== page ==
And then we think about what is our ideal scenario? Is this patient best served with venetoclax or obinutuzumab (Gazyva)? Is this patient best served with ibrutinib? Is this patient best served with acalabrutinib (Calquence) and then kind of work on all fronts to make the decision that is also going to be affordable for the patient. And some patients we don't get to do the first thing that we want to do because of insurance situations or because of high copays, but there's always something else that we can think about. The only other thing I wanted to mention too is, we should think about clinical trials in every scenario, but many times clinical trials will pay for all of the drugs involved or at least some of the drugs involved. And those can actually be very good options for ways to get drugs paid for.

Andrew Schorr:
Okay. Those are all good points, we'll come back to that. Dr. Kipps, now you're my doctor, what about the decisions, not just for me, but for your many patients who come from far and wide on where cost comes into play and yet trying to do what's right for the clinical situation? What's your point of view?

Dr. Kipps:
Well, I agree with what Dr. Woyach said, when we practice medicine, we look at the patient, we develop an interaction. We want what's best for the patient and there's many factors that go into deciding what are the best types of treatment. And there's not any one way or one-size-fits-all. Not only is the issue of the genetics of the disease and the tempo and other factors, but also other medical conditions and what other treatments are they having to take? And what other difficulties are they facing?

For example, how difficult it is to get to say an infusion room? And then there's also the aspect of insurance coverage and we, as doctors, would like very much for people to have insurance provided to them and not be denied insurance because of the fact that they have CLL or some other medical condition. And we've been very much trying to champion that, but I think it's apparent that not all insurance coverages are the same and I'm hopeful that there'll be increased regulations so that people don't get saddled with insurance policies that fall short of providing treatment for this type of leukemia. I do think the situation has gotten better and it's gotten worse. In other words, before when these drugs that we're now using only were available in specialized centers and under clinical protocols, we had a lot of people being forced into types of therapy, which may not have been most beneficial to their health.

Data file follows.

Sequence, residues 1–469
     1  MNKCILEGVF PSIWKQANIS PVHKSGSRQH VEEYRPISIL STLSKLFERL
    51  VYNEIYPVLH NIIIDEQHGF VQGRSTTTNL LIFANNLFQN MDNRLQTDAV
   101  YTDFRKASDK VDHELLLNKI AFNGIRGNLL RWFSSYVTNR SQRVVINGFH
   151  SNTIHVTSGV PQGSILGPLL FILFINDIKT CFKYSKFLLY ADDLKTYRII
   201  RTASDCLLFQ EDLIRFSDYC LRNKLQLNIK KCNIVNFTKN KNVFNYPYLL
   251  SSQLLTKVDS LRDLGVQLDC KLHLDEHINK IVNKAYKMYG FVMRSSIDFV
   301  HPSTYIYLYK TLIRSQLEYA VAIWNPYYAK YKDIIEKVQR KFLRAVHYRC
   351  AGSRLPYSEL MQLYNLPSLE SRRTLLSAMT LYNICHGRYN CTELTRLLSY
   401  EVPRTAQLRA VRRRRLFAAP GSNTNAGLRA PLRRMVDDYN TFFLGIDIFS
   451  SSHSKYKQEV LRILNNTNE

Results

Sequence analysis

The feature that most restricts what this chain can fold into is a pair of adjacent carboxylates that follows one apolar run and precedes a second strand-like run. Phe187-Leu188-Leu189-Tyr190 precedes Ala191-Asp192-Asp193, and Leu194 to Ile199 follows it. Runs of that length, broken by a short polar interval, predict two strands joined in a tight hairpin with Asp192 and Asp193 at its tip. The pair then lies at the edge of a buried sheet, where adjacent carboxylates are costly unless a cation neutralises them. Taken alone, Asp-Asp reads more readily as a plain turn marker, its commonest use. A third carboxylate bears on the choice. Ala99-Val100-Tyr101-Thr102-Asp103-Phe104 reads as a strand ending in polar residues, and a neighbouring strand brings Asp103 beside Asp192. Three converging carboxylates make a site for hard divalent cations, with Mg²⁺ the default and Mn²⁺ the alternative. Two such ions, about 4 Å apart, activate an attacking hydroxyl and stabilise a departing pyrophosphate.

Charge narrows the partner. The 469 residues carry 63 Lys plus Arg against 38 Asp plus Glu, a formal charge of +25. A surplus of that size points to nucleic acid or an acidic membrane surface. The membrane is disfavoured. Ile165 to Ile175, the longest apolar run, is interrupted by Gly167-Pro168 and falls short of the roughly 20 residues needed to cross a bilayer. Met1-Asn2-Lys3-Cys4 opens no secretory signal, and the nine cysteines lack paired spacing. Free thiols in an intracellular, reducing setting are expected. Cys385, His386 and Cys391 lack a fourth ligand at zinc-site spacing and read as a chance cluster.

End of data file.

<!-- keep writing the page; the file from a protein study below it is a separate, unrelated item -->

And there was some economic issues that also factored into that. I think with the advent of these new drugs we have, we now see patients that are doing much better than they would have done in the past with chemo-immunotherapy, but then oftentimes they're put on regimens that may last forever, and there may be the issue of copay and even a small amount each month adds up. And it's almost like taking on a second mortgage for some patients. I think what's very important is that as Dr. Woyach mentioned as doctors, when we interface with the patient, we ask how you're doing, what other problems do you have? We take note of any side effects you're having, how well you're tolerating the drug, how well it's working. One thing we don't ask too often is how are you handling the costs? We don't really engage in that discussion as often, and it's really not in our wheelhouse to be able to be as aware of that and that's unfortunate.

So I think as a patient, it may be worthwhile to bring this up with your doctor because it may not come up in the conversation. In other words, there could be a cost factor and the doctor may be unaware that you have a peculiar insurance policy that denied coverage for this or that. And I think that's important because there are some remedies to this. We have access to each one of these drug companies do have foundations that you can apply for and depending on your financial need, you may be able to get the drug at a markedly reduced cost. And then there's also other things we point to, we work with the Leukemia and Lymphoma Society. And they also have provided benefits, whether it be travel or potentially help with medication and the like. And I would like to suggest that patients in need, may be able to apply to the Leukemia and Lymphoma Society and patients who are doing well and can afford it, may want to donate to the Leukemia and Lymphoma Society. So that as a group, we can kind of help each other. I think that's always very good.